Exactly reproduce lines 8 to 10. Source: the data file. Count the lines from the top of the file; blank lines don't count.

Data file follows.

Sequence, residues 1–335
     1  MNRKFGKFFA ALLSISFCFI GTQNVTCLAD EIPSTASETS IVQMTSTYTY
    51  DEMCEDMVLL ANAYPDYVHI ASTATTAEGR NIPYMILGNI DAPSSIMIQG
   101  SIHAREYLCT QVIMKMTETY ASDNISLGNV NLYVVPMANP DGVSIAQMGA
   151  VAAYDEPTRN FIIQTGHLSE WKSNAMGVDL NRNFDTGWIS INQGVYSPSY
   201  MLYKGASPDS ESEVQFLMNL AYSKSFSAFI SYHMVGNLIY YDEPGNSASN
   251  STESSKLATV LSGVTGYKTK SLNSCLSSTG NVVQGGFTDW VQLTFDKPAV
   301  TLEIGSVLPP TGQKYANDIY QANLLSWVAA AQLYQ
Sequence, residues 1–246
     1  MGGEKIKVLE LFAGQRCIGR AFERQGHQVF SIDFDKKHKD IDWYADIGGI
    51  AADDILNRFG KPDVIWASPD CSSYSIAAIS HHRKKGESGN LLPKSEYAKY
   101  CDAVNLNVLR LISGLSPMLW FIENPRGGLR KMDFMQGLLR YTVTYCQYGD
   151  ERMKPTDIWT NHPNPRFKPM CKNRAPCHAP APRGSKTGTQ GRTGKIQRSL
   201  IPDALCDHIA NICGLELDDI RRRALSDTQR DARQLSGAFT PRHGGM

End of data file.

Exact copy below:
   301  TLEIGSVLPP TGQKYANDIY QANLLSWVAA AQLYQ
Sequence, residues 1–246
     1  MGGEKIKVLE LFAGQRCIGR AFERQGHQVF SIDFDKKHKD IDWYADIGGI